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Special Theme: The Irish on Film
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Top o' the Morning

After Paramount's Going My Way (1944) won seven Academy Awards including Best Picture, it was inevitable that the studio would try to recapture its magic. One way of doing that was by re-teaming its Oscar-winning stars, Bing Crosby and Barry Fitzgerald, whose chemistry had proved so entertaining. Paramount found a comedy vehicle for them entitled Welcome Stranger (1947) and then paired them for a third and final time in the musical comedy Top o' the Morning (1949).

As writer Ruth Barton later observed in her book Acting Irish in Hollywood, "All three films establish similar personae for their two leads: Fitzgerald is the crusty old Irishman who resists change and is losing the authority he has held in a small community; Crosby is a modernizer who must learn to win over the trust of the older man as he solves the crisis his old-fashioned leadership has been unable to prevent. The films balance change against continuity, reserving their most sentimental moments for depictions of the 'old ways' while still insisting on the need for some limited modernization."

Top o' the Morning casts Crosby as an American insurance investigator who arrives in Ireland to look into the theft of the Blarney Stone from its namesake castle. To keep his identity secret, he poses as an artist. Fitzgerald, meanwhile, plays a local constable who sees the theft as a chance to establish himself as a hotshot detective; he also has a lovely lass of a daughter, played by 20-year-old Ann Blyth, with whom Crosby falls in love. (Blyth got the role after 17-year-old Deanna Durbin turned it down in favor of retirement.) Along the way, Bing croons several Irish folk tunes as well as two new songs by Johnny Burke and James Van Heusen: "When Irish Eyes are Smiling" and the title tune.

The picture was the fourth to be directed by David Miller, who had transitioned to features after a long career as an assistant editor and shorts director at MGM. His last short subject, the 1946 Seeds of Destiny, about the plight of children in war-torn Europe, had won the Academy Award for Best Documentary Short.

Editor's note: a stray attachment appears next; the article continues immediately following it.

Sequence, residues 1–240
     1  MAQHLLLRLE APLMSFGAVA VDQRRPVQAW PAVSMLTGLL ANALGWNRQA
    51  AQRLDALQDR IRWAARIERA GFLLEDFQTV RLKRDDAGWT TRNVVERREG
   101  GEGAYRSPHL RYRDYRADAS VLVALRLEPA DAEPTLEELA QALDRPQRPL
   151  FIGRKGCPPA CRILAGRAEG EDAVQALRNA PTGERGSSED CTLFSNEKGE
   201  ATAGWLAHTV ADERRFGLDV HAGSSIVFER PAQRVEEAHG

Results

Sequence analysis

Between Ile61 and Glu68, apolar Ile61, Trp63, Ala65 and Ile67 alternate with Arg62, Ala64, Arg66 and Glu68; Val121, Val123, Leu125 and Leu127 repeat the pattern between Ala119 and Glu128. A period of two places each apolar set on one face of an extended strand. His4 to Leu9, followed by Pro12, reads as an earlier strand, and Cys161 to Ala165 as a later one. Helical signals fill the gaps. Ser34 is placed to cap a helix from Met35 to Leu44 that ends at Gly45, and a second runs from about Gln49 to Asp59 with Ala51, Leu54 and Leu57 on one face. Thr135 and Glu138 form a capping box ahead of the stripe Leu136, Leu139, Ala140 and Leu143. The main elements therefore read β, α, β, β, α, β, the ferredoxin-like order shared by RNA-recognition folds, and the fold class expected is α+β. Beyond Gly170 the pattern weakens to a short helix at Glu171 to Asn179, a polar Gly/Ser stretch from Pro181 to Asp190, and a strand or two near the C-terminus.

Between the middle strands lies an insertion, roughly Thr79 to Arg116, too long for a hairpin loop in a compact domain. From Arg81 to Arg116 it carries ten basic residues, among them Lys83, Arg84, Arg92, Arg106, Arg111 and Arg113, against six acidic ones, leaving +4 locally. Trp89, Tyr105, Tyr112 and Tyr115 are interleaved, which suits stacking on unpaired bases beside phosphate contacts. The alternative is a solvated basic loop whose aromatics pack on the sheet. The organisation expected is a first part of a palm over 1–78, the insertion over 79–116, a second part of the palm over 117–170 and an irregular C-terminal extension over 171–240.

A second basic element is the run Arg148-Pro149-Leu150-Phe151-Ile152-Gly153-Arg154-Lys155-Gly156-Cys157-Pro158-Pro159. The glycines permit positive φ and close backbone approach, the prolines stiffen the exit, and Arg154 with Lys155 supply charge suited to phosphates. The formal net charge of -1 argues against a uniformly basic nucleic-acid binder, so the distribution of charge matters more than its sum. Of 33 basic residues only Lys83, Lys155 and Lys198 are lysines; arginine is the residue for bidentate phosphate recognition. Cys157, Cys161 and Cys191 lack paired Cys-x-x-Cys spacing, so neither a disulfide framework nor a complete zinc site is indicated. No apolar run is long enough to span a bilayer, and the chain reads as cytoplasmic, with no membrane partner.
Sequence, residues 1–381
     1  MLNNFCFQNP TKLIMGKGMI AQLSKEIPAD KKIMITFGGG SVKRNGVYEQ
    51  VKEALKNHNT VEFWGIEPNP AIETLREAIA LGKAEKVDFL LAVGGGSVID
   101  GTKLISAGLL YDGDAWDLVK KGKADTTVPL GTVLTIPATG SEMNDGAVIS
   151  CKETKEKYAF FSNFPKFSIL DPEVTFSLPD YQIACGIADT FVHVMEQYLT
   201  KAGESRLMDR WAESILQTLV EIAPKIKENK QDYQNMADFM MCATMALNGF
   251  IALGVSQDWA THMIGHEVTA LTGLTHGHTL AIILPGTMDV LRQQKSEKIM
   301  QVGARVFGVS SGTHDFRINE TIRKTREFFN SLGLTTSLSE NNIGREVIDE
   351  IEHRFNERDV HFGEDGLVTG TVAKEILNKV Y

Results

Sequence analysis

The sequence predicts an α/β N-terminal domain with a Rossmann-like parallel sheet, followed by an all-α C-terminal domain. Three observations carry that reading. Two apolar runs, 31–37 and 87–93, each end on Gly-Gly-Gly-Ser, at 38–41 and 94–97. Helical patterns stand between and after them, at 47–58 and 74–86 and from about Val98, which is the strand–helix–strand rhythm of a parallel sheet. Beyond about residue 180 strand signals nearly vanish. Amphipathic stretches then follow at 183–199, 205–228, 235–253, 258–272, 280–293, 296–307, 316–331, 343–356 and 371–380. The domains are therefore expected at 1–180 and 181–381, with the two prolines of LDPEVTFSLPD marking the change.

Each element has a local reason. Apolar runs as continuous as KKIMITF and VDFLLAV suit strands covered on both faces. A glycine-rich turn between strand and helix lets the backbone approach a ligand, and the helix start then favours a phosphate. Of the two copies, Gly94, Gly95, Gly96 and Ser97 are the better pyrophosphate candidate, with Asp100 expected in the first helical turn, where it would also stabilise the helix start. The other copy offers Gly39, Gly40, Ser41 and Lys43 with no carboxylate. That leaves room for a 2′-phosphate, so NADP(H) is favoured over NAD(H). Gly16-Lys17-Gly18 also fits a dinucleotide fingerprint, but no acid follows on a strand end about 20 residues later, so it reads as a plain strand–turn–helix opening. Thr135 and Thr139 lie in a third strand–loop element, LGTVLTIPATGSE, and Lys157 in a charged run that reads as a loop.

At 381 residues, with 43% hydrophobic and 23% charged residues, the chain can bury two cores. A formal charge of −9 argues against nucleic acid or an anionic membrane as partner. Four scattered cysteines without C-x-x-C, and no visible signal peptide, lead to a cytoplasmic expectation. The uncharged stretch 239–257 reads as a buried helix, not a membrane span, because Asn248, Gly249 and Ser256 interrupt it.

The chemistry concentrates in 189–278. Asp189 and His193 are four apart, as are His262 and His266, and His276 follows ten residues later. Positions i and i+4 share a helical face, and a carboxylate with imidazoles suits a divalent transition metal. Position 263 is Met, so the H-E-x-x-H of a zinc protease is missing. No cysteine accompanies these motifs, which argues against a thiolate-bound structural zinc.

More recently, he had just directed the Marx Brothers in Love Happy (1949), a gig that led directly to Top o' the Morning. As Miller told film critic Jim Bawden in 1982: "That was entirely Groucho [Marx]. He talked me up to Bing Crosby, who had veto power over his directors. In fact, his company, Bing Crosby Productions, made it for Paramount. And he said I was on, after a short interview. This one was the third in a series starring Bing Crosby and Barry Fitzgerald. Now I'm going to tell: these two barely tolerated each other. Barry would wander far from the script and he mugged atrociously. Bing was a one-take kind of guy but Barry tested his patience. Bing's in Ireland hunting down the Blarney Stone. Not quite in the category of The Quiet Man and our Irish village was backlot stuff. Ann Blyth was the love interest but she was 25 years Bing's junior and looked more like his daughter. Hume Cronyn was in it. I used every Irish actor I could find in Hollywood. It was a crowd pleaser but not much more."

For a film that is regarded as a minor work for all involved, Top o' the Morning received some very strong reviews in 1949. Variety deemed it "a pleasant little comedy with music that will please the Bing Crosby fans," and The Hollywood Reporter observed, "Crosby ambles through the gentle show and persuasive part with his characteristic easiness. His numbers are excellently done." Hume Cronyn, who plays Fitzgerald's assistant, drew particularly strong reviews.

Fitzgerald's brother, Arthur Shields, served as the film's technical director, as he did on many Irish-themed Hollywood films of the era.

By Jeremy Arnold



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